I didn't fish all that hard, and spent a lot of time watching fish from the bank. I observed some very active sub-surface feeding by the big rainbows, it was fun just watching them flicking around in the current snatching tiny morsels. As far as fishing went, I didn't get any interest on the sakasa kebari, but had a few strikes that should have hooked up on a size 18 CDC biot comparadun when I borrowed my friends 3-weight fly rod for some casting practice. I was happy to find that my form is still there! Although I do have to consciously think about mending and line control.

Thanks to the generosity of a friend, I've been experimenting with some different hackles this past week. Mostly I've been tying with partridge, which I'm finding is great stuff. Here are a few examples of what I've been tying lately:

Thursday, July 8, 2010

Morning on the Swift

With all the heat we've been having these last few weeks, a Saturday morning trip to the ice-cold Swift River in Belchertown, MA was in order. The Swift is a nicely maintained tail-water fishery; big, healthy rainbows and browns are usually easy to find, but not always easy to catch.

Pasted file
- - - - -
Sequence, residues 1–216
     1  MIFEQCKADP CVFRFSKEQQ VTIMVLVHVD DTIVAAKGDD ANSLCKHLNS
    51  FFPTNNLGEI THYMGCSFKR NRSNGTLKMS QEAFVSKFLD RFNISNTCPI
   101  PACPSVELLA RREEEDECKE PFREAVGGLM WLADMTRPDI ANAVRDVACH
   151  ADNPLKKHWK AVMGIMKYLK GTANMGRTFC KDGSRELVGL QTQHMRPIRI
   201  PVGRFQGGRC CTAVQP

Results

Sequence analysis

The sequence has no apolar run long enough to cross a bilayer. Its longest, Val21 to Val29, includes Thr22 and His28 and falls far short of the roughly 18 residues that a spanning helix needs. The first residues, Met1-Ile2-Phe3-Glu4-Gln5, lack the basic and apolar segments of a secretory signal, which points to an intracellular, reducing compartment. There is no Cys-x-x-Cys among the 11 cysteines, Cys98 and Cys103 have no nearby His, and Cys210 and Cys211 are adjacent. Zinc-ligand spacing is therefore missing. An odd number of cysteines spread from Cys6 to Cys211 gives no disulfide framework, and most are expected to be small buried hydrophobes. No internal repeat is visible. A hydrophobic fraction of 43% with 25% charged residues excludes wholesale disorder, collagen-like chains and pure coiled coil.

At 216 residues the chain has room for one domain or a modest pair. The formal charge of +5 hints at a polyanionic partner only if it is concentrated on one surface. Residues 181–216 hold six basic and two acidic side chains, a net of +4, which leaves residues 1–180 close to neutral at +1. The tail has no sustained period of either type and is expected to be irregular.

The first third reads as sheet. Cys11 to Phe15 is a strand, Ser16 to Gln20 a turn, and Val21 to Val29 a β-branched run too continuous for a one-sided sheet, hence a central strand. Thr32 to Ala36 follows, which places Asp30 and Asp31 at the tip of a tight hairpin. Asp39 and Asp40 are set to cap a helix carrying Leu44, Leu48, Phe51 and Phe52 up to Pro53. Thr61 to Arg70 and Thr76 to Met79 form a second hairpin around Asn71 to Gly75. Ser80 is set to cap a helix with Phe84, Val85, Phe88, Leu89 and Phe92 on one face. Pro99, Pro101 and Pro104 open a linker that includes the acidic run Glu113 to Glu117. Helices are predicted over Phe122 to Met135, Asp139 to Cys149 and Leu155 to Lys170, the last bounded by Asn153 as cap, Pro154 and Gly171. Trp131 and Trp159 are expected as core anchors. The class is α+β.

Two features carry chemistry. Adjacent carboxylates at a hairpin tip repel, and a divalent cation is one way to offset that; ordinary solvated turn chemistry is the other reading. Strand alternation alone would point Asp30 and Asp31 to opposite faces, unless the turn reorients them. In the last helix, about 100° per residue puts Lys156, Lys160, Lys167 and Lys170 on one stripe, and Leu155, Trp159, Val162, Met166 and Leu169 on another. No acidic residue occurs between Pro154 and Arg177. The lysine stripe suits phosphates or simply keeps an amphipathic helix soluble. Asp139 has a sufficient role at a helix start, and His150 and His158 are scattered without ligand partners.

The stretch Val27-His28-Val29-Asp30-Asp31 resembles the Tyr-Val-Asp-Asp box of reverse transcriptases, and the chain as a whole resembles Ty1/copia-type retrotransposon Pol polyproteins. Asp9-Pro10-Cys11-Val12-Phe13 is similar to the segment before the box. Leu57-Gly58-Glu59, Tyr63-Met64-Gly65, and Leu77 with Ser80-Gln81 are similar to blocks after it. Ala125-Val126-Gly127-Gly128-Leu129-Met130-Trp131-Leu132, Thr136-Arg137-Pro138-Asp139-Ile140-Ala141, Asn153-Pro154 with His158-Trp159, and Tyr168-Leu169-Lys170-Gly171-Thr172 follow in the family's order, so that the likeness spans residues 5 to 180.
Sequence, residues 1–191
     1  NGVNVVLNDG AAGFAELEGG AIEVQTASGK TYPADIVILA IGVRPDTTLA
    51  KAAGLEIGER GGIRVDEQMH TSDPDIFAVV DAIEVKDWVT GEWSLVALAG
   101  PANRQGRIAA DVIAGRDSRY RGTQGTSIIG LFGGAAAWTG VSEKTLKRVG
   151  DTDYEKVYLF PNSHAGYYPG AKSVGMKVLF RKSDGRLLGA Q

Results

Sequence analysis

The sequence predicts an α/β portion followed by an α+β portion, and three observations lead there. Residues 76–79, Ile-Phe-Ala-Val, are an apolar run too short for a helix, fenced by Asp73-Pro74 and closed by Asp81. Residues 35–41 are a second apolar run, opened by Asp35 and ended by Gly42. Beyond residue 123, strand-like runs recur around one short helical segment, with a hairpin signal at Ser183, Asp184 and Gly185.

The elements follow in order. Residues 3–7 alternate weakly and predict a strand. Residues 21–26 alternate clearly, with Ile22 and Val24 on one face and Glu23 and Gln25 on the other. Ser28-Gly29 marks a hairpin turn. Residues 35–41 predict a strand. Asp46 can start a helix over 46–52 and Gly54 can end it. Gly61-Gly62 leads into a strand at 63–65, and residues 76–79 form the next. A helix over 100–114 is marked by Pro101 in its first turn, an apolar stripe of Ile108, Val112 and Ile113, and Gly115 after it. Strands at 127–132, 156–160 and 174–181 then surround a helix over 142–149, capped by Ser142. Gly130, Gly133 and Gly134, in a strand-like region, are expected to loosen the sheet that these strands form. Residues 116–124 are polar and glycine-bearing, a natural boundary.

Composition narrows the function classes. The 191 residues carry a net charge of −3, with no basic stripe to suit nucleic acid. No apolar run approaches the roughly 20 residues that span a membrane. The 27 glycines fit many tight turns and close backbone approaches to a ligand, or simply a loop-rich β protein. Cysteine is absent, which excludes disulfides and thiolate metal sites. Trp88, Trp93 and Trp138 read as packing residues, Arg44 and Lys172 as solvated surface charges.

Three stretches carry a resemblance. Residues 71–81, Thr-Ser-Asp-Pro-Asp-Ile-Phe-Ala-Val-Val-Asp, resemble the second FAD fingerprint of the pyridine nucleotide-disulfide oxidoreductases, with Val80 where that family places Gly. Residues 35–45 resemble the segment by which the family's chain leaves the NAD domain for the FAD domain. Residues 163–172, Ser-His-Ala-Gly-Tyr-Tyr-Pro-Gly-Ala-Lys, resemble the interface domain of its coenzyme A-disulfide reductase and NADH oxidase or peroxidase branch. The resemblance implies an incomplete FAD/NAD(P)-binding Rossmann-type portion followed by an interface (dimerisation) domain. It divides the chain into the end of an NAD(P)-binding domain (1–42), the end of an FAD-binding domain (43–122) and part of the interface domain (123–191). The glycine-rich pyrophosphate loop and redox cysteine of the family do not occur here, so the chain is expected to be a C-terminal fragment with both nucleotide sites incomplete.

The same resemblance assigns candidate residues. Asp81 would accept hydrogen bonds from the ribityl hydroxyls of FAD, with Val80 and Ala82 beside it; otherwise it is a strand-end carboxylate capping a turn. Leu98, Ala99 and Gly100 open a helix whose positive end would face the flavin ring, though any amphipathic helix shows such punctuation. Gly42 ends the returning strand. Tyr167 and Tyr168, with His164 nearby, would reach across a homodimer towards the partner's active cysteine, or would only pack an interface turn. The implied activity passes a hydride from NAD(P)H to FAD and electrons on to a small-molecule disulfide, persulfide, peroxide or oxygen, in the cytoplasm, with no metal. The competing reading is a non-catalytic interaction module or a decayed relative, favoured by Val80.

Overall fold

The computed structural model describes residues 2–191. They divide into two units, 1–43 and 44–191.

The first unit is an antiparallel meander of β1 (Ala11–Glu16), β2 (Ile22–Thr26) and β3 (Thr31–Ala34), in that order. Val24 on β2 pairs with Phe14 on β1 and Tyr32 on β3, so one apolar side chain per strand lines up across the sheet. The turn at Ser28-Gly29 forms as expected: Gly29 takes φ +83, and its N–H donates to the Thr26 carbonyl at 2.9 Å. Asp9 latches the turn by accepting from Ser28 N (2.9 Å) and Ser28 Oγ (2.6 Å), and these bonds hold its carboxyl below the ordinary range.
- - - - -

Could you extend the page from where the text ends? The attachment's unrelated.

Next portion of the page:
A discharge rate of 38fps was a good sign, but my friend and I only managed one fish between the two of us. Although that one fish could certainly be "fish of the year;" my friend had his work cut out bringing in what turned out to be a heavily muscled, hard fighting rainbow of around 16-18 inches on his 3-weight.

As far as catching more fish, the fly-fishing-only (FFO) section upstream might have been a better bet. Problem was there were at least 10 cars parked at the trailhead, quite a crowd for less than a mile of river! I can imagine the famous Y-Pool was getting fished pretty hard. As it turned out we had this little section of the river to ourselves, which was just fine by me, it's prettier than the FFO section anyway:

The remains of a timber dam built on a stone foundation

Slack water above the old dam

Some company streamside

Tuesday, July 6, 2010

Pheasant Tail Sakasa Kebari

Here's another "just for the heck of it" variation on the sakasa kebari blending some elements of Frank Sawyer's Pheasant Tail Nymph with the Japanese reverse hackle tradition. The idea of using pheasant tail fibers for the body of a sakasa kebari struck me the other day when I found my long unused pheasant tail in my drawer of tying stuff - why not give it a shot? As a fly pattern Frank Sawyer's original PT nymph has seen so many variations already, I can't imagine mine is too much of a corruption! I think I've even seen a western soft-hackle version tied with partridge at the local fly shop, come to think of it.